A cylinder with radius rotating with an angular velocity , immersed in a fluid of density , is shown in Figure 3, with a laminar fluid velocity . Theoretically, the wind rotor is subject to a lift force in the perpendicular direction to the fluid flow called lift (lift force) and drag (drag force), a phenomenon known as Magnus effect [2, 3]. Theoretically the drag force should be zero, but it has been proven experimentally that this value is not null and increases with the increasing relative velocity of the cylinder surface [3].

Figure 3: Rotating cylinder immersed in a fluid [13].

Registers of the first prototypes of Magnus wind turbines are not new [4]. In 1926 Flettner built a horizontal-axis wind turbine with four blades, where each blade was a tapered cylinder driven by an electric motor. The cylinders (blades) were 5 m long and 0.8 m in diameter at the midpoint. The experiment used a 20 m diameter rotor on a 33 m tower, with a rated power of 30 kW at a wind speed of 10 m/s.

In 1983, a private entrepreneur in California constructed a Magnus-type wind turbine of the barrel blade type, with a 17 m diameter, of a rated capacity of 110 kW. The unit was later moved to the wind test site of Southern California Edison, which was located in San Gorgonio Pass.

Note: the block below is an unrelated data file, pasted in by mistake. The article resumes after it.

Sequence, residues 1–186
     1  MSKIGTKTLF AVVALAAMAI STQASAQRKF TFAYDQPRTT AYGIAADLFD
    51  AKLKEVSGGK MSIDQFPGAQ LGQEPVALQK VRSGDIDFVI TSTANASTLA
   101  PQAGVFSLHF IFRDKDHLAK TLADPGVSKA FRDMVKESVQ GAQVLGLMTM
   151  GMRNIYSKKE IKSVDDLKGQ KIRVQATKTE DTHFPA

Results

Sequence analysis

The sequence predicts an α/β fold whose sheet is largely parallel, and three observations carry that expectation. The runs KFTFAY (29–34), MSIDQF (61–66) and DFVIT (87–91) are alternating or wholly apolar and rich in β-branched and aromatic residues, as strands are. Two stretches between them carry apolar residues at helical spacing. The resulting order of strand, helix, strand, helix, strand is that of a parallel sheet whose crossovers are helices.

Recently, in 2007, a Japanese company by joint efforts between industry, government, and universities has developed and commercially launched a Magnus wind turbine [5]. The cylinders of this Magnus turbine have two important characteristics that became commercially feasible, one spiral fin and an end cap for an enhanced Magnus effect [6].

Experiments were conducted also in Russia with prototypes of Magnus wind turbines in a wind tunnel. It was shown that the Magnus turbine even at wind speeds of 2 m/s presents a power coefficient enough to generate a net power output and take advantage of these low wind speeds. This turbine can be operated up to 40 m/s wind speed well above the upper limit of the conventional turbines [79].

2. Magnus Effect Wind Turbine

2.1. Mechanical Power of the Magnus Wind Turbine

Figure 4 shows a Magnus effect wind turbine, where is the number of rotating cylinders; is radius of the rotor [m]; is turbine speed [rad/s]; is radius of the cylinder [m]; is cylinder’s speed [rad/s]; is laminar wind speed [m/s]; and is air density [kg/m3].

Figure 4: Magnus wind turbine.

The tip speed ratio (TSR or ) is the ratio of the tangential velocity of the blade or cylinder (at the tip) under an undisturbed wind speed, according to [10]The relative speed of the rotating cylinders is the ratio of the tangential velocity of the cylinder under an undisturbed wind speed, according to [11, 12]Therefore, the mechanical power extracted from the wind by the Magnus turbine is represented by [1014]The analytical equation (4) is related to the power coefficient of the Magnus turbine and it was obtained based on the principles of fluid dynamics and the theory of momentum of blade elements (BEM—Blade Element Momentum Theory) neglecting the influence of other relevant factors at the turbine power output such as the drag force, losses at the cylinder ends, interaction between cylinders, and effects of the hub diameter. Moreover (4) was obtained based on the values obtained experimentally from a model closer to reality [11, 12]. The theoretical limit of the power coefficient for Magnus wind turbines is :